Data are a critical part of evaluation. Without the right information, it’s difficult or even impossible to assess an issue — making it challenging to understand its impact and, if harmful, suggest solutions.
Thankfully, many scholars are working to make it easier to get access to government information by using the Freedom of Information Act (FOIA) to ensure openness during the COVID-19 pandemic.
The Knight First Amendment Institute at Columbia University submitted a FOIA request to the Centers for Disease Control and Prevention (CDC) asking about policies that restrict CDC employees’ ability to speak to the press and public, including about COVID-19. The CDC refused the request and, on April 2, the Knight Institute filed a lawsuit that, if successful, would require the CDC to release information about its policies.
“In the midst of this deadly pandemic, we need to be confident that we are receiving information based on the CDC’s expertise,” Knight Institute Legal Fellow Stephanie Krent said. “If the CDC has been sidelined, the public needs to know.”
Click here to learn more about the suit.
Prior to COVID-19-related shutdowns and also using FOIA, Syracuse University’s TRAC Immigration Project had assembled data about immigrants awaiting court hearings. TRAC found that, as of the end of February 2020, more than 1.2 million cases were pending on courts’ active dockets, up from 542,411 cases in early 2017.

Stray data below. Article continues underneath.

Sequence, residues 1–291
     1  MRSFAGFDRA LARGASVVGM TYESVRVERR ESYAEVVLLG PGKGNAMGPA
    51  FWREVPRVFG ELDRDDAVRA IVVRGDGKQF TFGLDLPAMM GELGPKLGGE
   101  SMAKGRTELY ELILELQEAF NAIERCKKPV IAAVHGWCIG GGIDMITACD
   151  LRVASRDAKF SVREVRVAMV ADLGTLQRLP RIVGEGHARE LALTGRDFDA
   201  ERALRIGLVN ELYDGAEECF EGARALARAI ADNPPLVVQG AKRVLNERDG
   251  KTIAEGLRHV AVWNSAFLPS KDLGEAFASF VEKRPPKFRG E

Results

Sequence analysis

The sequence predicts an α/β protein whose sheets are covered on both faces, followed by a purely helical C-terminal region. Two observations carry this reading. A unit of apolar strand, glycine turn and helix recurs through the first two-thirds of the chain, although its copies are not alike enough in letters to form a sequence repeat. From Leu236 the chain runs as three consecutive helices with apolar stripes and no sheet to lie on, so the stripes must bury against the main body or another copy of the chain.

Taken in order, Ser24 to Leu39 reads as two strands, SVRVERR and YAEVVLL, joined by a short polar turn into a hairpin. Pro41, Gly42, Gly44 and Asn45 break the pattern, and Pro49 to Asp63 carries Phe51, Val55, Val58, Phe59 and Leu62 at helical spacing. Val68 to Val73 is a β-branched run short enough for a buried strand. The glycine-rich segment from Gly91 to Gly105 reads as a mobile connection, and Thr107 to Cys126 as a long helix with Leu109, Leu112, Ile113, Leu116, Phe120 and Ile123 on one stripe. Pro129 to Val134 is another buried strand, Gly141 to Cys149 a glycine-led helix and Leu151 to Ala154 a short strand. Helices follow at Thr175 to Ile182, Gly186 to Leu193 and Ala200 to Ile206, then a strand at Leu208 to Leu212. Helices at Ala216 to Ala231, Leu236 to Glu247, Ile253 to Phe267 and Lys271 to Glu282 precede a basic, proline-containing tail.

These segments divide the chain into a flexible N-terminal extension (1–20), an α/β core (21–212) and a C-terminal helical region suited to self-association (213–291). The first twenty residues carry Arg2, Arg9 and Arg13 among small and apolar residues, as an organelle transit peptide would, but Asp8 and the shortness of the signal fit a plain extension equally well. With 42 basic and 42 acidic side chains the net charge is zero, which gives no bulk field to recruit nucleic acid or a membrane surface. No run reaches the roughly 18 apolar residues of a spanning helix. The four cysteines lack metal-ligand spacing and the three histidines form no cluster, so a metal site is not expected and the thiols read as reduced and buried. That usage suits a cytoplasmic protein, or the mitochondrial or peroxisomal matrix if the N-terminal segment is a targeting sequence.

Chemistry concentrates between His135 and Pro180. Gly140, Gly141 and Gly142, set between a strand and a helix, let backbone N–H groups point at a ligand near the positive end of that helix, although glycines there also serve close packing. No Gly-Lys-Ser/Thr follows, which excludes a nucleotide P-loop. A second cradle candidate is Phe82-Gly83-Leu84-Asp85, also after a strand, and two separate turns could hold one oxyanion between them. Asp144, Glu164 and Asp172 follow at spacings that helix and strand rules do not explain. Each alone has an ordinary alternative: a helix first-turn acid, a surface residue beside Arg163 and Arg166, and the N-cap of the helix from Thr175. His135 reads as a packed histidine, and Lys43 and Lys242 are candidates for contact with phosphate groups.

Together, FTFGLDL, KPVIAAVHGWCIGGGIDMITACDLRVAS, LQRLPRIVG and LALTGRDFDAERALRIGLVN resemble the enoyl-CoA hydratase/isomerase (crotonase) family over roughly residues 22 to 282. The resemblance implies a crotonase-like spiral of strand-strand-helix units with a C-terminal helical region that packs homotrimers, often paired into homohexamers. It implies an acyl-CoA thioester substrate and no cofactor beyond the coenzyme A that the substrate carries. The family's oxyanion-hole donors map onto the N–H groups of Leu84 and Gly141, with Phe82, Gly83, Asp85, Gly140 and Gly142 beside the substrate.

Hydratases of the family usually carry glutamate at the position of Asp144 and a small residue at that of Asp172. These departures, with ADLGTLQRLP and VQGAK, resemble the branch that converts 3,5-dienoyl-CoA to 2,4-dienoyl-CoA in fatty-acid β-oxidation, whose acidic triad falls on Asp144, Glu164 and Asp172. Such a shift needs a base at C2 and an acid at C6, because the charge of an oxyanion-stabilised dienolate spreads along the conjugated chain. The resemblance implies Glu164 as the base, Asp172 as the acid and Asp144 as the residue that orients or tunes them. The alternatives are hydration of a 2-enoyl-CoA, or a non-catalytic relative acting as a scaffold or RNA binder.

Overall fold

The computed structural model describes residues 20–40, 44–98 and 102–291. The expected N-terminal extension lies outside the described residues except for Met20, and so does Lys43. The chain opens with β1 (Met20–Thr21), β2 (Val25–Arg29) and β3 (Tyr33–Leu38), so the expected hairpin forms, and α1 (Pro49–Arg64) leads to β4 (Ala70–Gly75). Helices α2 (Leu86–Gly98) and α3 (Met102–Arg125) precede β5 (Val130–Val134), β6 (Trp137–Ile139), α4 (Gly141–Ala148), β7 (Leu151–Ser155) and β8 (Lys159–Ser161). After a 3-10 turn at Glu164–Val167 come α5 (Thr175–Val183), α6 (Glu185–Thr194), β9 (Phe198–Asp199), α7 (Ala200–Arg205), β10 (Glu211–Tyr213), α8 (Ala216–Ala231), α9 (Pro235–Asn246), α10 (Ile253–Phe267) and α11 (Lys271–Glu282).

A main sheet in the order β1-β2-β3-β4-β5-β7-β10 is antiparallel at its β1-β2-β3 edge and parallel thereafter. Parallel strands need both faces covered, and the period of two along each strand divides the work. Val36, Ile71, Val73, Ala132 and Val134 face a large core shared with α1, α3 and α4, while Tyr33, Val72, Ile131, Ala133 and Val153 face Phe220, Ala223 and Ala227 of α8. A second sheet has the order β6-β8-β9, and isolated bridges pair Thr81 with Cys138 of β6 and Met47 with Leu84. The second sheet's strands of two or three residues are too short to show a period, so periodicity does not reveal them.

The analysis was possible because of a yearlong effort by TRAC to convince the Executive Office for Immigration Review (EOIR) to release information. TRAC warns, “With most non-detained court hearings canceled due to the coronavirus pandemic, the backlog is slated to grow even higher.” The public deserves to know how high these numbers are climbing.
Access to information empowers researchers to help Americans close gaps in knowledge and protect public health. The Charles Koch Foundation is proud to support these institutions’ and their quest for transparency and truth.